Cosmology Theory

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bechcube

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<p><BR/>Replying to:<BR/><DIV CLASS='Discussion_PostQuote'>MeteorWayne was, of course, correct.From the digital universe wiki:"Galaxies at high redshift often have peculiar shapes, in contrast to the well-developed spiral and elliptical galaxies seen in the local universe. At redshifts greater than 3 or 4, corresponding to when the universe was less than 2 billion years old, galaxies are primarily starburst systems."We have seen galaxies with redshifts up to z=7, whose light has been travelling for 12.9 billion years, but they don't look anything like the well developed galaxies we see around us locally. The Hubble deep sky image shows galaxies up to 12 billion ly's away, but most of them are a lot closer than that.You do not understand the science that you are trying to interpret in your own way.&nbsp; <br />Posted by SpeedFreek</DIV></p><p>SpeedFreek: Stars are stars and a collection of them is a galaxy or cloud.</p><p>Of course they have peculiar shapes at the edge of the universe,&nbsp;since due to their acceleration, they are streached out towards our line of sight. Thank you for your proof of my theory.</p><p>&nbsp;</p><p><br /><br />&nbsp;</p>
 
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SpeedFreek

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<p><BR/>Replying to:<BR/><DIV CLASS='Discussion_PostQuote'>SpeedFreek: Stars are stars and a collection of them is a galaxy or cloud.Of course they have peculiar shapes at the edge of the universe,&nbsp;since due to their acceleration, they are streached out towards our line of sight. Thank you for your proof of my theory.&nbsp;&nbsp; <br /> Posted by bechcube</DIV></p><p>No, they have a different shape because they were young galaxies in a younger universe, as opposed to the old galaxies we see close to us today. Your theory is not "proved". </p> <div class="Discussion_UserSignature"> <p><font color="#ff0000">_______________________________________________<br /></font><font size="2"><em>SpeedFreek</em></font> </p> </div>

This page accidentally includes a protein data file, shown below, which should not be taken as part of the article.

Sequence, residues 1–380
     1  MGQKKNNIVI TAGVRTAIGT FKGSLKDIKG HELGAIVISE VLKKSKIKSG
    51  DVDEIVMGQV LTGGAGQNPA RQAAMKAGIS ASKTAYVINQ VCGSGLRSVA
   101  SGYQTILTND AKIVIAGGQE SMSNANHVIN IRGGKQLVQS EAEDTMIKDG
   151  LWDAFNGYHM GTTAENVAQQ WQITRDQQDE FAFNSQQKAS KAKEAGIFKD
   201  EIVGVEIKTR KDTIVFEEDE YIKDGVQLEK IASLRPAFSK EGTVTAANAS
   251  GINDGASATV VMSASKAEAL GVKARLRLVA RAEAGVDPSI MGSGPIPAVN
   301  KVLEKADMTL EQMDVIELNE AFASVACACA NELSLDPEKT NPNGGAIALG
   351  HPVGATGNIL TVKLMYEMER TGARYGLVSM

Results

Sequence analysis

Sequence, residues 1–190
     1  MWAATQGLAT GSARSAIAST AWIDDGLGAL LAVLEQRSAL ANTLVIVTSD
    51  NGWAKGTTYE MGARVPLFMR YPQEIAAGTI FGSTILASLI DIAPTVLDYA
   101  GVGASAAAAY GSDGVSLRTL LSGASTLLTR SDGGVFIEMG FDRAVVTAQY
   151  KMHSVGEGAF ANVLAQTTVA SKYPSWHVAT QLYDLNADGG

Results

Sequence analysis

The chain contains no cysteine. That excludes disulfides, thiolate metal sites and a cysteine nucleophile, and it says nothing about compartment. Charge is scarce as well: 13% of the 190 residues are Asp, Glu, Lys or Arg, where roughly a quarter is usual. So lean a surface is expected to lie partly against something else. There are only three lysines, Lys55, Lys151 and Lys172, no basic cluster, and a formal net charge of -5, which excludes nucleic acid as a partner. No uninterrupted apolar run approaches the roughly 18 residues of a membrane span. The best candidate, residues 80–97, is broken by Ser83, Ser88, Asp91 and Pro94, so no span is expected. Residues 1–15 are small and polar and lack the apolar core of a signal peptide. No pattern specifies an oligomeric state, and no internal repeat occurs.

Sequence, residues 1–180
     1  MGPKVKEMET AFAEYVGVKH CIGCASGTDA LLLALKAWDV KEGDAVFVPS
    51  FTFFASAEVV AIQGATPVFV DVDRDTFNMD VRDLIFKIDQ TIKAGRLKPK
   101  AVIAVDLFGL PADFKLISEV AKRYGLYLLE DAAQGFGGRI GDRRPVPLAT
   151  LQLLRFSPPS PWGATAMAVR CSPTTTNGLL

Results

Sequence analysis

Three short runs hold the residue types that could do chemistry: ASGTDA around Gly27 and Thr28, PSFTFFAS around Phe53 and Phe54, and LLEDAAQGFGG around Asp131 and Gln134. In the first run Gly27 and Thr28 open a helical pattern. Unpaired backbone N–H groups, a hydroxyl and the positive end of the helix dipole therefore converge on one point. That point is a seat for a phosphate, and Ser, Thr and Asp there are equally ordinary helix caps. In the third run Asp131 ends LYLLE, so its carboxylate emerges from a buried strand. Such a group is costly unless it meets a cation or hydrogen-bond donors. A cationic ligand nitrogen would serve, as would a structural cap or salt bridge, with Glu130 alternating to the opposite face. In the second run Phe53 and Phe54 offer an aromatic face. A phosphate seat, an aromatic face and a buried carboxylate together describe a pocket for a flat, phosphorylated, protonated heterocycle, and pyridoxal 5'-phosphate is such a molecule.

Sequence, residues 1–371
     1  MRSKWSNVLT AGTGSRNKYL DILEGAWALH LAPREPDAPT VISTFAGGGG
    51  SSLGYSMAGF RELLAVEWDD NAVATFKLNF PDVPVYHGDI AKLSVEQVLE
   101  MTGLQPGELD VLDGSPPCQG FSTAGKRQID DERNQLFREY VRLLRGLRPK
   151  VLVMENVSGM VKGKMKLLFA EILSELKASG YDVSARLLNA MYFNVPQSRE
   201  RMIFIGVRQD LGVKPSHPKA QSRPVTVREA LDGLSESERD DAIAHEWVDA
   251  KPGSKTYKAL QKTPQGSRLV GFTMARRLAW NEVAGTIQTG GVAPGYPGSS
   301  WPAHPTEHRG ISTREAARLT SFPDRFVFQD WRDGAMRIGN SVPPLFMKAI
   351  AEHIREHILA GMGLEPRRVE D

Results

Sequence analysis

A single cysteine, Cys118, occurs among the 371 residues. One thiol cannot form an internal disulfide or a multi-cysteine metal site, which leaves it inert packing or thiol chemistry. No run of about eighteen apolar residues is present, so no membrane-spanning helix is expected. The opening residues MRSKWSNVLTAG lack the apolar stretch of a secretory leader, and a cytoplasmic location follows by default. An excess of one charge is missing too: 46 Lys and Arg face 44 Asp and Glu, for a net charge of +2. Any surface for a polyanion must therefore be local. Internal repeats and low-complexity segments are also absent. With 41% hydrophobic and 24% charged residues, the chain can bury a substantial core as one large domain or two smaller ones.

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bechcube

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<p><BR/>Replying to:<BR/><DIV CLASS='Discussion_PostQuote'>No, they have a different shape because they were young galaxies in a younger universe, as opposed to the old galaxies we see close to us today. Your theory is not "proved". <br />Posted by SpeedFreek</DIV></p><p>SpeedFreek:</p><p>How do you get younger galaxies in a younger universe at 12 bly's unless there is random creation throughout that universe?</p><p>Further, if it takes 12 bly's for the light in deep space to get to us, how is that a young part of the universe? Would't it be thefirst created and the oldest</p><p>Your placing the fish in the trees and the monkeys in the sea.<br /></p>
 
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Mee_n_Mac

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Replying to:<BR/><DIV CLASS='Discussion_PostQuote'>SpeedFreek:How do you get younger galaxies in a younger universe at 12 bly's unless there is random creation throughout that universe?Further, if it takes 12 bly's for the light in deep space to get to us, how is that a young part of the universe? Would't it be thefirst created and the oldestYour placing the fish in the trees and the monkeys in the sea. <br />Posted by <strong>bechcube</strong></DIV><br /><br />Just to clear some nomenclature up ... stars and galaxies created some 12 billion years ago would indeed be old today, were they to still exist, but are called young because the Universe was new back when they were created.&nbsp; We see them as they appeared then, when the Universe was new, because it's taken that long for the light from them to get to us here on Earth. <div class="Discussion_UserSignature"> <p>-----------------------------------------------------</p><p><font color="#ff0000">Ask not what your Forum Software can do do on you,</font></p><p><font color="#ff0000">Ask it to, please for the love of all that's Holy, <strong>STOP</strong> !</font></p> </div>
 
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origin